YELLEN: So as I mentioned in my opening remarks, there is really a great deal of uncertainty around each individual’s assessment of the appropriate level of rates particularly as we go further out in the forecast horizon and when we come to the long term. And I think what we can see in what many econometric and other studies show is that the so-called neutral rate, namely the level of the federal funds rate that is consistent with the economy growing roughly at trend and operating near full employment, that rate is quite depressed by historical standards. Many estimates would put it in real or inflation adjusted terms near zero. Now – um – the path that you see in the dot plot for rates over time is importantly influenced – uh – there is accommodation and – uh – as we – um – achieve our objectives I think most participants feel that the accommodation in the current stance of policy needs to be gradually removed, but a very important influence in the out years is what will happen to that neutral rate that will just keep the economy operating on an even keel. And I’ve often in my – um – statements and remarks talked about headwinds – um – that reflect – um – lingering effects of the financial crisis – um – to the extent that there are headwinds I think – um – many of us expect that these headwinds will gradually diminish over time and that’s – uh – a reason why you see the upward path for rates. But there are also more long lasting or persistent factors that may be at work that are holding down – um – the longer run level of neutral rates. For example – um – slow productivity growth, which is not just a US phenomenon but a global phenomenon. You know obviously there is a lot of uncertainty about what will happen to productivity growth, but – uh – productivity growth could stay low for a prolonged time and we have – um – an aging – aging societies – um – in many parts of the world that could depress this neutral rate, and I think all of us are involved in a process of constantly reevaluating – um – where’s that neutral rate going and I think what you see is a down – a downward shift in that assessment over time in the sense that maybe – um – more of what’s causing this neutral rate to be low are factors that are not going to be rapidly disappearing but will be part of the new normal. Now you still see an assessment that that neutral rate will move up somewhat, but it has been coming down and I think it continues to – uh – it continues to be marked lower. And – and it is highly uncertain – for all of the dots.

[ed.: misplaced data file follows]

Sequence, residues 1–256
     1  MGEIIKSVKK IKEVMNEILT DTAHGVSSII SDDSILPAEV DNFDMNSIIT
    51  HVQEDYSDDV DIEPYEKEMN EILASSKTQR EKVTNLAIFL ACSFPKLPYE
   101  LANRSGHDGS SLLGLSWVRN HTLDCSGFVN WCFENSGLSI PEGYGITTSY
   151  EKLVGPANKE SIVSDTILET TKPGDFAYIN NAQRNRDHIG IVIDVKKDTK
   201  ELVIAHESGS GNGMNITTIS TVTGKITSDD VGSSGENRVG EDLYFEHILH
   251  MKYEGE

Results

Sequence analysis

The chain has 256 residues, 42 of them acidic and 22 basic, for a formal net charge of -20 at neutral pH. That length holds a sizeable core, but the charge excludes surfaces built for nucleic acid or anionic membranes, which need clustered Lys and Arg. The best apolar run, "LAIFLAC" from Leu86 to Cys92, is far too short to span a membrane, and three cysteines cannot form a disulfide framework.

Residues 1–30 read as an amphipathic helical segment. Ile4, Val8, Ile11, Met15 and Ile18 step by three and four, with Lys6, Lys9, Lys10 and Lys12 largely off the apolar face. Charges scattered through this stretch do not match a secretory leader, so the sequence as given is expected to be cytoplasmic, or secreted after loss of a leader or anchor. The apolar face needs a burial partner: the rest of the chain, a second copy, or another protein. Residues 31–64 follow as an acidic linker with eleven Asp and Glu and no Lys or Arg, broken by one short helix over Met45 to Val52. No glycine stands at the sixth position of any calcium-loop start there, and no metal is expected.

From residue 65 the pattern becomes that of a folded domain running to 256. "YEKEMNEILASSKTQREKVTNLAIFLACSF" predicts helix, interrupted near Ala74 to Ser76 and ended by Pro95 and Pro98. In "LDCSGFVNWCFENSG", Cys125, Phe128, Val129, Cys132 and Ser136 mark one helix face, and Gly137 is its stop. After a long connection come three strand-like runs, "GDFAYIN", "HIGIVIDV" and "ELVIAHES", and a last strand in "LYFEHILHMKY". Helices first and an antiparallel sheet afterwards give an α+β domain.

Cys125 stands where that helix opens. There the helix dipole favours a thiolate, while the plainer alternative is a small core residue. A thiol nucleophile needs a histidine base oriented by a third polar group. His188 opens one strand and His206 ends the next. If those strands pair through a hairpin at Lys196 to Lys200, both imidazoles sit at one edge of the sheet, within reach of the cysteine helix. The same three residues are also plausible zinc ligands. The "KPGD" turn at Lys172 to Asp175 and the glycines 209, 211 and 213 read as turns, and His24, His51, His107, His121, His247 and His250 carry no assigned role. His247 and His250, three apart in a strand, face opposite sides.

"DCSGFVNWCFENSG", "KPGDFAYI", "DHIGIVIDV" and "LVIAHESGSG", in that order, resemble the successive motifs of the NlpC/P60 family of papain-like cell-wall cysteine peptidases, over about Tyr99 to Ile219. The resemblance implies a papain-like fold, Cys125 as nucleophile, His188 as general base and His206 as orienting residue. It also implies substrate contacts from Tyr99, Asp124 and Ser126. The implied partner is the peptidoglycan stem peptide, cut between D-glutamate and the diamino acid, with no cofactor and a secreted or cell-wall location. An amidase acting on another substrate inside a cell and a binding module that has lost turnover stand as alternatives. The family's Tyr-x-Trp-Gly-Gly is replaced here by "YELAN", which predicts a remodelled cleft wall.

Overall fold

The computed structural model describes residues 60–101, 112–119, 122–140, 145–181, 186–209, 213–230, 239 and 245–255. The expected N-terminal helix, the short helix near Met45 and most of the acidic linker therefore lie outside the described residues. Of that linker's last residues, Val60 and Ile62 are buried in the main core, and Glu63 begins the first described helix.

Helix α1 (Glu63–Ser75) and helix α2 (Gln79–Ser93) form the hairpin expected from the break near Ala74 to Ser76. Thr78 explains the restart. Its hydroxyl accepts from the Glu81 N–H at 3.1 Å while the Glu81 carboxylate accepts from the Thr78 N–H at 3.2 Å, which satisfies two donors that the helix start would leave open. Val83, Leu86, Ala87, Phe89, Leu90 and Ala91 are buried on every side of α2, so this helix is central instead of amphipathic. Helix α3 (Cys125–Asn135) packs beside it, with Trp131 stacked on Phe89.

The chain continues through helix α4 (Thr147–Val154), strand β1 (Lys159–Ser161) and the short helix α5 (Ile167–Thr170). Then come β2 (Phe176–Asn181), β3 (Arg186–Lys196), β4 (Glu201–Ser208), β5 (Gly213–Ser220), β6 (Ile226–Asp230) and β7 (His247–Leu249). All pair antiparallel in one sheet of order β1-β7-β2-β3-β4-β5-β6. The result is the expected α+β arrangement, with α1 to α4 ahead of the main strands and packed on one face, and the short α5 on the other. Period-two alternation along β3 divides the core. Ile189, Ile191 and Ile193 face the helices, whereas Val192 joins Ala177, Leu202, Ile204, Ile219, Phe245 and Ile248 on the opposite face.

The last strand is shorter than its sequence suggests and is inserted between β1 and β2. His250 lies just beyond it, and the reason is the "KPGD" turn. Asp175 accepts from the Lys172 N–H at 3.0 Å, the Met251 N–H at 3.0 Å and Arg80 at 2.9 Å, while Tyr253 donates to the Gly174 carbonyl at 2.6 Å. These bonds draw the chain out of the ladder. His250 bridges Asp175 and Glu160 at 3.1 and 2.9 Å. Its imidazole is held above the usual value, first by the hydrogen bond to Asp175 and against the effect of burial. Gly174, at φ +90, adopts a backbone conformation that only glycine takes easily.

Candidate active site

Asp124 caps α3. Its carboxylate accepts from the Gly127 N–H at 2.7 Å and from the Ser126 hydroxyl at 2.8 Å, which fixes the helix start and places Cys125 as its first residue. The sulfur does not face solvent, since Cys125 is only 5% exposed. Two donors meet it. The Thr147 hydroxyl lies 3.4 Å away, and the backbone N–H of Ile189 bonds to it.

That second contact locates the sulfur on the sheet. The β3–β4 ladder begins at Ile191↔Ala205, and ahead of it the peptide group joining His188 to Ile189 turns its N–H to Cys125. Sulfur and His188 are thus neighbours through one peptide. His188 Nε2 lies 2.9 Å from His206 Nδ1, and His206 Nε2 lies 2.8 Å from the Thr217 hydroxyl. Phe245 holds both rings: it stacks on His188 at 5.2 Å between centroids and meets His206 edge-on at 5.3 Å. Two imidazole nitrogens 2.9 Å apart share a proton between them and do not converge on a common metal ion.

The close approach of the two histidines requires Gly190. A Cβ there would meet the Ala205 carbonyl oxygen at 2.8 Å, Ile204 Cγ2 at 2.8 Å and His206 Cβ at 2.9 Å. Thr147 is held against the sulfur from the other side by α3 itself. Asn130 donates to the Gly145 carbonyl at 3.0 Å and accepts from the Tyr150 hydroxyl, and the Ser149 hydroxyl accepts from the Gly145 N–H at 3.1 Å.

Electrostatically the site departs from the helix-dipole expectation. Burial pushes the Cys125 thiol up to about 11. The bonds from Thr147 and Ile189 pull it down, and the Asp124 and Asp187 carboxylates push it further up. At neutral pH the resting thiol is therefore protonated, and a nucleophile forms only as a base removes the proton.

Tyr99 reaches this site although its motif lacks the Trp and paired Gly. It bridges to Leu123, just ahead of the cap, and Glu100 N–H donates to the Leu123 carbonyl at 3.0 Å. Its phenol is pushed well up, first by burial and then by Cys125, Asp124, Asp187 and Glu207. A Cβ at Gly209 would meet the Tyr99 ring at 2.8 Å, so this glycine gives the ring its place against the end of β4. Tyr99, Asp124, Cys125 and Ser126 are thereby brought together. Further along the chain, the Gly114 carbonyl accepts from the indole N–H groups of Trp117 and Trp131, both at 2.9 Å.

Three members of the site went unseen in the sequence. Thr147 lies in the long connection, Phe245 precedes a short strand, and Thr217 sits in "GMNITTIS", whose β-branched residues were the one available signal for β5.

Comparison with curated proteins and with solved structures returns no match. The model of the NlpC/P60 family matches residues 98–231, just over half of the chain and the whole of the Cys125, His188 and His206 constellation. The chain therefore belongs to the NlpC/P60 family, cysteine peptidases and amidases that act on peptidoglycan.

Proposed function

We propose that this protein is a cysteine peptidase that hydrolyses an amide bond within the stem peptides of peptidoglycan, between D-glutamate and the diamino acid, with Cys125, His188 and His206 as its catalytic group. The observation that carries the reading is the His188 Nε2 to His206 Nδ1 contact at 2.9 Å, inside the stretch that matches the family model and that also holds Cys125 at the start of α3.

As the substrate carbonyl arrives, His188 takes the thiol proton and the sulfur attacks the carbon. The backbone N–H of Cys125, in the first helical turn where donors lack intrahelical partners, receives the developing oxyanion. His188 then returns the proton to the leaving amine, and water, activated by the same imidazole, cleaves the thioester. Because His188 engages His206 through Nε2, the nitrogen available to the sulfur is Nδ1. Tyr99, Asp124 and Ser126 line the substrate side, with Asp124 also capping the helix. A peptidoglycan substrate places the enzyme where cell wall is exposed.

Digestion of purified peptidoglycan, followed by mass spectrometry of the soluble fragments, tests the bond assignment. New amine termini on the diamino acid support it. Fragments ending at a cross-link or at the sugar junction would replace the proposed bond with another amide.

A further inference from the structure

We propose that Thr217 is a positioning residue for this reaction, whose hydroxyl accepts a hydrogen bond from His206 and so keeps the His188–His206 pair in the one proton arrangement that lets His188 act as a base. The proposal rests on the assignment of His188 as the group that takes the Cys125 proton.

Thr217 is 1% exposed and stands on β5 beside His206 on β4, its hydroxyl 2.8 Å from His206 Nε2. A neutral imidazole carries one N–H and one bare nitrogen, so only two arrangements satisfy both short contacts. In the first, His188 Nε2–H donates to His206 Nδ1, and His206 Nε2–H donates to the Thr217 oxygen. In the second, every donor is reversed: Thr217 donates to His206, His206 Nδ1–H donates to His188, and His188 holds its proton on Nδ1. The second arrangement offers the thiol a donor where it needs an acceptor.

Translation: Nobody has any idea what’s going on and I want to go home.
If you’re confused, that’s precisely the point. Tomorrow (06.16.2016) on Brothers on the Wall at 7:00pm EST I will be going through an overview of why economic jargon is essentially impossible to understand without advanced study in the subject – not to mention extremely challenging even with years of study, instruction, and experience. Hint: it’s purposeful.
I’d like to give a quick shout out to everyone who is still alive and especially to those who appreciate the irony of an uber-dovish Keynesian like Janet Yellen appealing to the neutral rate, an Austrian economics concept pertaining to the business cycle that the Fed supposedly eliminated through their expert application of monetary policy. Great news everyone; there’s no forecast of a recession in the next decade at least! Go back to your bread and circuses…
But here come a few more obvious and astute amateur questions. What about the robust economic recovery? Was the Fed wrong about that also? Hasn’t the current regime already solved – or at least taken credit for solving – all the problems from the financial crisis almost a decade ago? How can an answer almost 500 words long not say anything? Is this really the person who is supposed to be in charge of predominant global economy?
If it’s not clear at this point that there is no legitimate reason for confidence in the Federal Reserve, then it’s literally going to take losing everything people have in order for them to wake up. Most will fall into that trap because, quite frankly, they can’t be bothered to pay attention. More concerning are those who have no confidence in these institutions but won’t do anything about it. Hint: Bible, water, food, protection, cash, energy, silver, and gold.
I don’t have anything against Janet Yellen. In fact, I feel sorry for her. She must be living a nightmare right now, but it’s a nightmare we’re all going to face sooner rather than later. We are now officially in the economic endgame of the current system. Diversify out of paper and into real, tangible assets while you have the opportunity.